Akinobu Kishi Sensei - Founder of Sei-Ki
Kishi Sensei's teaching was one of the main inspirations for Sei Ki HeartTouch.

Akinobu Kishi Sensei was an internationally-renowned teacher.

Born in 1949 in the Gunma region of Japan, Kishi Sensei was originally taught by his father, an accomplished judo master, who introduced him to manual therapy when he was just 9 years old.

His formal training took place at Tokujiro Namikoshi's Japan Shiatsu College and at the Iokai Centre in Tokyo with Masunaga Sensei.

Kishi Sensei assisted Masunaga for 10 years, and is widely regarded as the heir to his work.

In 1971 he travelled to Paris to give Zen Shiatsu treatments and teach at a time when the work was not well known. He continued to teach Zen Shiatsu internationally throughout the 70s.

At the age of 29, he experienced a profound change in consciousness out of which Seiki Soho emerged - a synthesis of all his life's experience and research.

Kishi Sensei went on to share his amazing workshops around the world for the rest of his life.

On the 23rd October 2012, age 63, Kishi died peacefully, at home in Maebashi, Japan, with his wife and long-time collaborator, Kyoko at his side.

His teaching continues through the work of his wife Kyoko Kishi, and his students.

My Dedication to Akinobu Kishi

A Sei-ki Session

So this is where I propose to start - with a Sei-ki session. Look through my eyes.

Like a kind of dance, an invitation is offered by Kishi to work with him, whether for free or paid, and this is met by a desire to participate from some person.

The pair will usually kneel on a futon and bow to each other Japanese style starting off the connection with mutual acknowledgement and respect.

First contact isn't rushed, time is given to see the person, their body, breathing, small movements, holding patterns. No need to rush.

And then the first touch often but not exclusively on the top of the shoulders near the base of the neck. There are no rules but this place offers good opportunities to enter into connection.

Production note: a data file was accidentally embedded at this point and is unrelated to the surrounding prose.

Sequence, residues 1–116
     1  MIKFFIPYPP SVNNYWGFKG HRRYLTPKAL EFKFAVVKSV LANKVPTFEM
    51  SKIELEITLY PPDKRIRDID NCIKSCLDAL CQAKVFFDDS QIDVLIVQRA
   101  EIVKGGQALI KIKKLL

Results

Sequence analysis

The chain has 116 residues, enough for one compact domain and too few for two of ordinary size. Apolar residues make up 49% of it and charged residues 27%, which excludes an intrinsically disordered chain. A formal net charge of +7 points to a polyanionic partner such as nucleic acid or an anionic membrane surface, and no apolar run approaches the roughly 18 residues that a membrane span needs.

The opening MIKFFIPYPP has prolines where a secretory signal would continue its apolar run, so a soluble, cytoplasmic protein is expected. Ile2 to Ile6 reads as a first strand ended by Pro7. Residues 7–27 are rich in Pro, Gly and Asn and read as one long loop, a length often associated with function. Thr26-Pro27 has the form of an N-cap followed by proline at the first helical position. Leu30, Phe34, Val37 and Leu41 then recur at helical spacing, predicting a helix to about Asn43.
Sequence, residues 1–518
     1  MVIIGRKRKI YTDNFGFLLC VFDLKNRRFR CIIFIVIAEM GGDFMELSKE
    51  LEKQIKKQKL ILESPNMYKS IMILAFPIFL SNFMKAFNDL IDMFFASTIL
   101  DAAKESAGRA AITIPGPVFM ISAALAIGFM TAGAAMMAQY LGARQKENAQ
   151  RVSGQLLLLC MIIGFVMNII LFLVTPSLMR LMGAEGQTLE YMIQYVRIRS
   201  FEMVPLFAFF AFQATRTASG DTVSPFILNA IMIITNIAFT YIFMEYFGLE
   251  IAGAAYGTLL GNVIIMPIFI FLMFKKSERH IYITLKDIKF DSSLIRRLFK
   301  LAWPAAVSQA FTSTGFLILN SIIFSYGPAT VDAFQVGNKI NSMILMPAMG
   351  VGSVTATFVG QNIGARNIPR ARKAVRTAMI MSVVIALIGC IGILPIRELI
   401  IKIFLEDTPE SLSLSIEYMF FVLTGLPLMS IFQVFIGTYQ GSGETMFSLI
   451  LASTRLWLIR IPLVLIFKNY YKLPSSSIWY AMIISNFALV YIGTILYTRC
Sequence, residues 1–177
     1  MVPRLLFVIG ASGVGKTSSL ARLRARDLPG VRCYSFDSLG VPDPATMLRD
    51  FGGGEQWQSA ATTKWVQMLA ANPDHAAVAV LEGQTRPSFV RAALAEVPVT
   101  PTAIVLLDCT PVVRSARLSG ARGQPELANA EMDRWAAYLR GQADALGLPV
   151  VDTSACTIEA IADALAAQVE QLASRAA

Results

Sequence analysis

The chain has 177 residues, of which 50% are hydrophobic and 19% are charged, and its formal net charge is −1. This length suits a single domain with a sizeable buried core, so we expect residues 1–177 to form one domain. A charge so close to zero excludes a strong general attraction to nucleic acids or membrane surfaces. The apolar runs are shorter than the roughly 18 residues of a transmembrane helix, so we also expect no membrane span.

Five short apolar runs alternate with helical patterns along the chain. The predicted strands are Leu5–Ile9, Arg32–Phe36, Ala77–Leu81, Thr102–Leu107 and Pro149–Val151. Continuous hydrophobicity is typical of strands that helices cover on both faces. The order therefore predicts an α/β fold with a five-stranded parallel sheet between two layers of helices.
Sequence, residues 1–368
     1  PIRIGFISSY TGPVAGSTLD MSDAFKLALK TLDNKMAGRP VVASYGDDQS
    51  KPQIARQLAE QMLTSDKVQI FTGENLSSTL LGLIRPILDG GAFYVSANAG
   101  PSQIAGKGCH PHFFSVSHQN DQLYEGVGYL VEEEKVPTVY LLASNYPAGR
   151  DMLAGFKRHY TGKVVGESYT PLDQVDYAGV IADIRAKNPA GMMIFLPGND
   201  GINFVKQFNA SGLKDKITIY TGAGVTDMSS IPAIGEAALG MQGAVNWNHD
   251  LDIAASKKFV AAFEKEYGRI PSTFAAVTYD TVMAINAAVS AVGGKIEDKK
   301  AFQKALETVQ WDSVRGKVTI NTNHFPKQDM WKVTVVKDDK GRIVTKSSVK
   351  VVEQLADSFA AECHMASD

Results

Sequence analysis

And a few moments breathing together, intense observation given to subtle changes. Seeing.

Perhaps some guided gentle movement of the head around the neck, or of the whole upper body and the person relaxes down, appearing to enter into an almost trance like state.

Position may change now, either done naturally by the person, or on Kishi's request, usually to lie on their front and work will proceed on the back.

Where to start? Again no rush, no busy-ness, no doing.

Kishi's hand or hands will move to their next place of contact, perhaps for just a seconds touch, perhaps for longer. Enough to achieve their work.

The various areas of the spine and sacrum may be of most interest, but again there is no form, no pattern for the head to follow, anywhere might be the most important point for the next moment. The hands know.

And contact might be maintained without touch, off the body simply using Ki from the hands or even from the eyes.

Then on to the person's front, the abdominal region, the Hara in Japanese culture usually taking the most attention, along with the occipital at the base of the skull. But still any place where the body is holding may be the next place - the solar plexus, the base of the sternum, the heart area, below the throat.

And the body will respond.

There may be subtle spontaneous movements, or even less than subtle ones as the body enters into what has been called Katsugen in Japanese culture. A state in which the natural ability and intelligence of the body to release stress and balance by itself becomes active.

External expression might be dramatic at times, physical shaking, laughter or the primal scream, but is not given attention or judged; value instead being placed on the internal Ki process that is going on within the body as it moves towards a more harmonious state of being.